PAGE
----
Lydian Nadhaswaram makes a solid debut and ‘Drums’ Sivamani’s soul-lifting tunes are worth checking out, but ‘Atkan Chatkan’ falls flat due to the lack of drama in its storyline
There is a universal appeal about a rags-to-riches story; there is enough drama at the outset for the majority audience to find resonance with such tales.
The issue with modern-day filmmakers conceptualising a script on this theme is that so many have tried it before to varied degrees of success that such films infuse an instant feeling of déjà vu. Some try the ‘old wine in a new bottle’ trick, and depending on the filmmaker’s luck, it could be jackpot or bust!
Atkan Chatkan is also marketed in a new bottle; the sticking point is that filmmaker Shiv Hare seems to have mixed up his spirits before pouring it.
The story follows Guddu (Lydian Nadhaswaram) and his friends Chuttan (Sachin Chaudhary), Madhav (Yash Rane) and Meethi (Tamanna Dipak).
Atkan Chatkan cast and crew
- Director: Shiv Hare
- Cast: Lydian Nadhaswaram, Sachin Chaudhary, Yash Rane, Aayesha Vindhara, Tamanna Dipak
- Storyline: A group of street kids overcome the odds to learn and play music
A sequence of events bring the four of them together; the quartet find their sync in music. They produce beats out of anything they touch and this brings them into the limelight. But there are hurdles to jump before success can come to them.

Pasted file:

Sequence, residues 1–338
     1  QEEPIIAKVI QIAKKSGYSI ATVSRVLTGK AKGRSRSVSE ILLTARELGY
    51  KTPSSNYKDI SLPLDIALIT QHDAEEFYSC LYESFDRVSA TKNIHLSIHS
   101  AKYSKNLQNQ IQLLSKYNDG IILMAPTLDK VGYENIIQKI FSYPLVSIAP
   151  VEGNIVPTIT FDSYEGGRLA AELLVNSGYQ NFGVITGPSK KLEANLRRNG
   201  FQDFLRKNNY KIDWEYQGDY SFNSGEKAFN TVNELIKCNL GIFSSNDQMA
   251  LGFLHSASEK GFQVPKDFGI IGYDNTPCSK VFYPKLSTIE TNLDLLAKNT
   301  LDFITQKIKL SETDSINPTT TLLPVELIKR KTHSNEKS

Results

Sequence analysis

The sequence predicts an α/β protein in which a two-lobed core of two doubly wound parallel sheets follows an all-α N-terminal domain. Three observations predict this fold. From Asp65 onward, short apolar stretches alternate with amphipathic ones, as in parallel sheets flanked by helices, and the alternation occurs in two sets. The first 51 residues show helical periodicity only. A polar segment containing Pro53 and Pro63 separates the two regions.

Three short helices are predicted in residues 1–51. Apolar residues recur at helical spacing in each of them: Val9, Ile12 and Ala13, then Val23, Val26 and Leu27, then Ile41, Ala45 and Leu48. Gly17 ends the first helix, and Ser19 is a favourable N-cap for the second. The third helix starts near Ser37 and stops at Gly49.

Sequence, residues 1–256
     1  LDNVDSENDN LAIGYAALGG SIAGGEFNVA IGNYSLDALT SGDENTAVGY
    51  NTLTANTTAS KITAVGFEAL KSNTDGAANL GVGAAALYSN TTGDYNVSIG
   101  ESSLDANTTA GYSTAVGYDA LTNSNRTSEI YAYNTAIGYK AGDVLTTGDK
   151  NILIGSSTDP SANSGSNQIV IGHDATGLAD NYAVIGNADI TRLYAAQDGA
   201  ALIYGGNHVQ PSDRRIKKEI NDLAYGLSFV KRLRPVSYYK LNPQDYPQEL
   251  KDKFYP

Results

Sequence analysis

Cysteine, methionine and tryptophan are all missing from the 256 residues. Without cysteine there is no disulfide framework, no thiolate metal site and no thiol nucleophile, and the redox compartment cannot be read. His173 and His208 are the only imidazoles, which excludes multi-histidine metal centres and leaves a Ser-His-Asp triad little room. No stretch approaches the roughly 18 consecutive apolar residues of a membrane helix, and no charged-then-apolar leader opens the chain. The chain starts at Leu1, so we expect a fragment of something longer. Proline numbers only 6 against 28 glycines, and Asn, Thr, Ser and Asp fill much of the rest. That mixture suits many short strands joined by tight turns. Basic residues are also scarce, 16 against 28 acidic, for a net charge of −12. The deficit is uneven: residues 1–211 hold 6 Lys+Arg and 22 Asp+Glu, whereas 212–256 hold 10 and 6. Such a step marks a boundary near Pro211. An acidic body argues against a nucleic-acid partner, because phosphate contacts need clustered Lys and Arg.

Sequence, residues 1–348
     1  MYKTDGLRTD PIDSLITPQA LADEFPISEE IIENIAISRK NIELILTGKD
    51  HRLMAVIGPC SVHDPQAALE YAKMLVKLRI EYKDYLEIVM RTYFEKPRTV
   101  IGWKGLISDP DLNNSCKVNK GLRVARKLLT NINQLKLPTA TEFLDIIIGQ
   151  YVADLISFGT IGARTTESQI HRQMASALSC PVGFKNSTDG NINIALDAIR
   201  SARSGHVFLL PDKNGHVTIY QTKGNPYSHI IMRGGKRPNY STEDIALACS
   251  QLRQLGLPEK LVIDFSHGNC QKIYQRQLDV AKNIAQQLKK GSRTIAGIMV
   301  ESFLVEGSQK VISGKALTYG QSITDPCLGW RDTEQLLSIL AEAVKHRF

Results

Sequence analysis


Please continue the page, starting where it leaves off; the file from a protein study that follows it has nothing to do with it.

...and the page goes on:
Lydian Nadhaswaram, the boy wonder pianist, plays the role of an aspiring percussionist with maturity. Acting may not be his strongest suit, but he is confident enough to rise to the challenge and puts on a solid show as Guddu.
Drums Sivamani’s musical score is as impressive as one can expect in a musical feature. It is the backbone of the film’s narrative, gently nudging the story along and ably filling up for the emotion that is absent in the script due to weak writing.
Case in point about inefficient writing: tokenism could have been avoided. Like a group of elite students who don’t like the street kids getting attention playing the token villains. These students work out the worst possible plot villainy: bribing the kids’ guardian to lock them up and breaking their makeshift percussion instruments. There is also a random tale of a long lost mother woven into the mix.
However, Atkan Chatkan does have its high points… like the scene where Guddu and his little sister listen to the different sounds they hear as they fall asleep.
But it fails to dwell on the many dramatic plot points spread throughout the narrative. The film meanders into the second half, attempting to work crisis torn adults into the mix, when instead focussing on building more drama around the story’s protagonists would have been the wiser choice.
Its unique background composition that relies heavily on percussion makes Atkan Chatkan an interesting watch. However, the film stops short of being a musical journey par excellence. The fault for it lies with the pen and not the drumsticks.
‘Atkan Chatkan’ is streaming on Zee5